of the product, at the time the specific unit of the product left

 

the control of the manufacturer or seller, was developed,

 

available, and capable of use in the production of the product and

 

was economically feasible for use by the manufacturer. Technical,

 

medical, or scientific knowledge is not economically feasible for

 

use by the manufacturer if use of that knowledge in production of

 

the product would significantly compromise the product's usefulness

 

or desirability.

 

     (3) With regard to the production of a product that is the

 

subject of a product liability action, evidence of a philosophy,

 

theory, knowledge, technique, or procedure that is learned, placed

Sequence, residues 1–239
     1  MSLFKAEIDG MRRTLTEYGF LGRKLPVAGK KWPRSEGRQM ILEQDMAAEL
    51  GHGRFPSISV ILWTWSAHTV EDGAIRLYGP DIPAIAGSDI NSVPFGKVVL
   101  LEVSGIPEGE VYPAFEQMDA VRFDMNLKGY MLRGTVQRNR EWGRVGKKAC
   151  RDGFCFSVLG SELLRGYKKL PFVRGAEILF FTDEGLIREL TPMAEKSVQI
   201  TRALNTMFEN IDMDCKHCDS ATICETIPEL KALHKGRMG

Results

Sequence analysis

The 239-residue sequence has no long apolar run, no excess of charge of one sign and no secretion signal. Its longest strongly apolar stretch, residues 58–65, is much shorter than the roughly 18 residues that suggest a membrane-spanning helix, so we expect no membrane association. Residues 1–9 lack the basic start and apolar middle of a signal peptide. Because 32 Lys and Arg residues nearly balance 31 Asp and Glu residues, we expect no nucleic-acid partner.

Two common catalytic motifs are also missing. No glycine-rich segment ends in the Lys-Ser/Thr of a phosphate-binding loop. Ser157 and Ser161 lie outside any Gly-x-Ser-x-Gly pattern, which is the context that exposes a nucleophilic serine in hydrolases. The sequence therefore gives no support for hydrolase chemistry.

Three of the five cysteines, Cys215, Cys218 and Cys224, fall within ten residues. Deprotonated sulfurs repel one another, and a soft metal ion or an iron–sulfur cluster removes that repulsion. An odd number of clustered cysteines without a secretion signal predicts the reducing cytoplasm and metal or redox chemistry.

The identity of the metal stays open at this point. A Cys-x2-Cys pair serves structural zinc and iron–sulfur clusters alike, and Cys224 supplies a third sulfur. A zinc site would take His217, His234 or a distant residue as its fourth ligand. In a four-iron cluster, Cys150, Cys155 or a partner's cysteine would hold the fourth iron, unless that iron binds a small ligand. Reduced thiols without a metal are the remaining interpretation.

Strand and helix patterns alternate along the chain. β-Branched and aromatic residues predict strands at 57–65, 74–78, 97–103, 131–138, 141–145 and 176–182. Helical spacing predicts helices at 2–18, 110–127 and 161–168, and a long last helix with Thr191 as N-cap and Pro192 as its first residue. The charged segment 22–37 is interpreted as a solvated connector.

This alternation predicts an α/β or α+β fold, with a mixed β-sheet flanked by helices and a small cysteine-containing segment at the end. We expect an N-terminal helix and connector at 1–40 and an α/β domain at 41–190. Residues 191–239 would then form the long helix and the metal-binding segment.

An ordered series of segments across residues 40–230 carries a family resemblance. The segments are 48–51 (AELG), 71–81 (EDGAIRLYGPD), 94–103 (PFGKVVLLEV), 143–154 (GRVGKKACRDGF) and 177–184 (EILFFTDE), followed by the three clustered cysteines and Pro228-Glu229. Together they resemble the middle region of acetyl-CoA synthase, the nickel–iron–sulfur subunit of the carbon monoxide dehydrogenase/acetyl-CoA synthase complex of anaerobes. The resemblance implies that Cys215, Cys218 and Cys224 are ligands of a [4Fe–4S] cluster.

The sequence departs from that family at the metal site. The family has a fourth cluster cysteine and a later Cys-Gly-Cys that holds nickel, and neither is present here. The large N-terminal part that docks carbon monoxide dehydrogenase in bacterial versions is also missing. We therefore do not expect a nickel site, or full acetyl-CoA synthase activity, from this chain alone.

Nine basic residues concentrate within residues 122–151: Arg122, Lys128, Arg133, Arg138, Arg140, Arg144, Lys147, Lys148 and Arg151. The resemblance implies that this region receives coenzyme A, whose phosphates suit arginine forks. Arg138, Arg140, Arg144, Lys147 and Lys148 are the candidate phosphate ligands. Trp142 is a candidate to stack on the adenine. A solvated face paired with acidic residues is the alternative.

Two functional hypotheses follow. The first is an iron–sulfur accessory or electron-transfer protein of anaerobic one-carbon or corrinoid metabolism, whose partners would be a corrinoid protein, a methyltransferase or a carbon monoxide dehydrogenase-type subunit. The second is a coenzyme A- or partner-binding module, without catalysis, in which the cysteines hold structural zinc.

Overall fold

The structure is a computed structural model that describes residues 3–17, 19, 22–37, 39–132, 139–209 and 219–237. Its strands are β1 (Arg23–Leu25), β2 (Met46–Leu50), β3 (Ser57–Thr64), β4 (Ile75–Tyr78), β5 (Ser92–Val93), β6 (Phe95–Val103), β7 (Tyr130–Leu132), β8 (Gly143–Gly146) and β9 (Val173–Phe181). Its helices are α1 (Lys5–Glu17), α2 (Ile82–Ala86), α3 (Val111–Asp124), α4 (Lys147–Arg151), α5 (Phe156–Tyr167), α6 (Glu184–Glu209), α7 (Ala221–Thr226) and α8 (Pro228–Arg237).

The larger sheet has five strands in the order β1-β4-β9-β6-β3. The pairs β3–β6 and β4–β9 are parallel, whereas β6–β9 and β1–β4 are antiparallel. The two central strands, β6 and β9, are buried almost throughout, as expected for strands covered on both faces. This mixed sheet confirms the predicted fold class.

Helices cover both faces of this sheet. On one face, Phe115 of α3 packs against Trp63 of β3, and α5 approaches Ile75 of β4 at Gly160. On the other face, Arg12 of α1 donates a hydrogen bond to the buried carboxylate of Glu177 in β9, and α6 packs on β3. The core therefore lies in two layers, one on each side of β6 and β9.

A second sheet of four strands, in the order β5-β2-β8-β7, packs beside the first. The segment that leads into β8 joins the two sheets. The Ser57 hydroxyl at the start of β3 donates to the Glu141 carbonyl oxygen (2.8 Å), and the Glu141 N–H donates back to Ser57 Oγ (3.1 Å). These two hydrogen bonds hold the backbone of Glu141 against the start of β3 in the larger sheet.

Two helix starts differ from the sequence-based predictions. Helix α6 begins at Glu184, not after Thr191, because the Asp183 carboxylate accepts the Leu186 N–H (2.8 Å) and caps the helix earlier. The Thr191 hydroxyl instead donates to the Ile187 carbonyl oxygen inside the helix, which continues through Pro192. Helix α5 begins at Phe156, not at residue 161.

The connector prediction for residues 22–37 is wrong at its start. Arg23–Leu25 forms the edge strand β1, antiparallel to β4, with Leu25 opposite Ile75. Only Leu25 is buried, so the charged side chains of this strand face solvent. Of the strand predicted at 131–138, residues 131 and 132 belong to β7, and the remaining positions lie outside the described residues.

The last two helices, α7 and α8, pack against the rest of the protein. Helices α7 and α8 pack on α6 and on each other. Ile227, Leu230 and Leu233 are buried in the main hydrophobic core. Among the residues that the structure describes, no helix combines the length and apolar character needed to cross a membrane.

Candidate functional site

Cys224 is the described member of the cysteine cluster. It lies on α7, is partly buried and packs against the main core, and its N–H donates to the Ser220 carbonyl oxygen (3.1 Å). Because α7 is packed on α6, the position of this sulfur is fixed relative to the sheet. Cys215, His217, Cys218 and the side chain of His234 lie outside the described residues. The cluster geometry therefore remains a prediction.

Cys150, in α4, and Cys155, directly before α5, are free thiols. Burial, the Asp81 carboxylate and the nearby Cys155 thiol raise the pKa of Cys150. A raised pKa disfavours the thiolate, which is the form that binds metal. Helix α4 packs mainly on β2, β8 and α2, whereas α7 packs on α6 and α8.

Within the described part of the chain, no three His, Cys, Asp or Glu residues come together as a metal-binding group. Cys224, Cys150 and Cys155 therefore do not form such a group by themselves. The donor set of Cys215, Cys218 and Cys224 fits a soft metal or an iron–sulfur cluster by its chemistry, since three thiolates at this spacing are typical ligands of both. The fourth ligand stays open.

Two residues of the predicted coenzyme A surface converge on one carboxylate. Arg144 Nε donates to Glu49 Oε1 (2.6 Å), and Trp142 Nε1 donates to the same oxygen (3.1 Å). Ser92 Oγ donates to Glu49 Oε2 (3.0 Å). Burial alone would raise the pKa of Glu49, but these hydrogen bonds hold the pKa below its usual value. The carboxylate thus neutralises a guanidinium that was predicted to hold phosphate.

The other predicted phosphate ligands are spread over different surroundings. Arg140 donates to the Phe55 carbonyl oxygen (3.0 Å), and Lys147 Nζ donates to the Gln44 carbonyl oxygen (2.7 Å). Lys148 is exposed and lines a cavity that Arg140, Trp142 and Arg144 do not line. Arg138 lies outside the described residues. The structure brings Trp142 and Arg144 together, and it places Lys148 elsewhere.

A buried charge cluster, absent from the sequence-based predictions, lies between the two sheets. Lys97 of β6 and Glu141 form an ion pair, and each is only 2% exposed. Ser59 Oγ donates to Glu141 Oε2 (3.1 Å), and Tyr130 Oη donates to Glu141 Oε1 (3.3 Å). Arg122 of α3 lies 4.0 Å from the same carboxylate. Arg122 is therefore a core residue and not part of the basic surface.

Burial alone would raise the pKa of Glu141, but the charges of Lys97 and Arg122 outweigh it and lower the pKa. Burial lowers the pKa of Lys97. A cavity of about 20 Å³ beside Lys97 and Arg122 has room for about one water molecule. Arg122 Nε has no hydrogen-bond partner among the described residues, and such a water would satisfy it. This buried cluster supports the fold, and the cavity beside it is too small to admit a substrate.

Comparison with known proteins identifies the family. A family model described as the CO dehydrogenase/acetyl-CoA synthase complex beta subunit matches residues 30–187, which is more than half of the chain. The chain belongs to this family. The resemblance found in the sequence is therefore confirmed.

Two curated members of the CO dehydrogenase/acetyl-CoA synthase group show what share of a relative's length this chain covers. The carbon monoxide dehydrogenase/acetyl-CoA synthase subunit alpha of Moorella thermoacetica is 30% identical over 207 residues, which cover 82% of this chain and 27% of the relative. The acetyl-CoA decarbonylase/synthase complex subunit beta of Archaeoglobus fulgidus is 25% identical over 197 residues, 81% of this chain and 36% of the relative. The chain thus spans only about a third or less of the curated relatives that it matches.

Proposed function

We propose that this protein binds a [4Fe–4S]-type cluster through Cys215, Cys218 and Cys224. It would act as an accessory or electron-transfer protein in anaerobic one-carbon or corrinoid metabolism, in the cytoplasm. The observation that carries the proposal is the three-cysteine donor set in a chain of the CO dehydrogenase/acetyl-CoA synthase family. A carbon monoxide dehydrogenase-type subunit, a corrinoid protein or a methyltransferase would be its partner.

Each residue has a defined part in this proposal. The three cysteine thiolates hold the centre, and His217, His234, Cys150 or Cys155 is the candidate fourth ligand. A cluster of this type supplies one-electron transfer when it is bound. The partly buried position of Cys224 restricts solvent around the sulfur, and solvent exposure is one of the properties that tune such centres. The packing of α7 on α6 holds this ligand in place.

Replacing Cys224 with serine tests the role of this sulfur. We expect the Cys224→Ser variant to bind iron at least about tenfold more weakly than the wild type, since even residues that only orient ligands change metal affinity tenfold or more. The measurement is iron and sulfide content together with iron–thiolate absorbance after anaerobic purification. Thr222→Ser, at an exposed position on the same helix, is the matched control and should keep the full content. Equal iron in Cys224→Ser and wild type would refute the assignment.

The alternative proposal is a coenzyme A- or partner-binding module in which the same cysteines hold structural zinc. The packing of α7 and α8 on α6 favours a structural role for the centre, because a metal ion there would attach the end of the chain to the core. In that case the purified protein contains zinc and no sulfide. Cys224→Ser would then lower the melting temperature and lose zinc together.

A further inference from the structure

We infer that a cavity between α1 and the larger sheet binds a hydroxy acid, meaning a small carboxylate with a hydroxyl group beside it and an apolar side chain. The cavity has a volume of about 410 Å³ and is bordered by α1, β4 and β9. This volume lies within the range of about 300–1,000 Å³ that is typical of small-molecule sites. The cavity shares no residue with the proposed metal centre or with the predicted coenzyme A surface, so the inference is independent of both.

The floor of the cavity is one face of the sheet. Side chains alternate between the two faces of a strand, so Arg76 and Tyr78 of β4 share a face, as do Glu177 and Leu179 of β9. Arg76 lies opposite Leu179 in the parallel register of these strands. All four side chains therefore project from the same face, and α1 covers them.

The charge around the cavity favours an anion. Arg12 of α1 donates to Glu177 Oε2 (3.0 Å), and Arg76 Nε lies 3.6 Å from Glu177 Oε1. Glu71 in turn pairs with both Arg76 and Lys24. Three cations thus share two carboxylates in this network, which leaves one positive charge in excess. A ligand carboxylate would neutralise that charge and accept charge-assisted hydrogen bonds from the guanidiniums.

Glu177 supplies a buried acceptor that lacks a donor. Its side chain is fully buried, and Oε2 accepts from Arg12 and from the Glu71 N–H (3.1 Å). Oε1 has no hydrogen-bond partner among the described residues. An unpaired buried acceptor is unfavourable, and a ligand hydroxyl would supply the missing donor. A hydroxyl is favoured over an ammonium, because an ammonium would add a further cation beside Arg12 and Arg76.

in use, or discontinued after the event resulting in the death of

 

the person or injury to the person or property, which if learned,

 

placed in use, or discontinued before the event would have made the

 

event less likely to occur, is admissible only for the purpose of

 


proving the feasibility of precautions, if controverted, or for

 

impeachment.

 

     (4) In a product liability action brought against a

 

manufacturer or seller for harm allegedly caused by a product,

 

there is a rebuttable presumption that the manufacturer or seller

 

is not liable if, at the time the specific unit of the product was

 

sold or delivered to the initial purchaser or user, the aspect of

 

the product that allegedly caused the harm was in compliance with

 

standards relevant to the event causing the death or injury  set

 

forth  contained in a federal or state statute or was approved by,

 

or was in compliance with regulations or standards relevant to the

 

event causing the death or injury promulgated by, a federal or

 

state agency responsible for reviewing the safety of the product.

 

Noncompliance with a standard relevant to the event causing the

 

death or injury  set forth  contained in a federal or state statute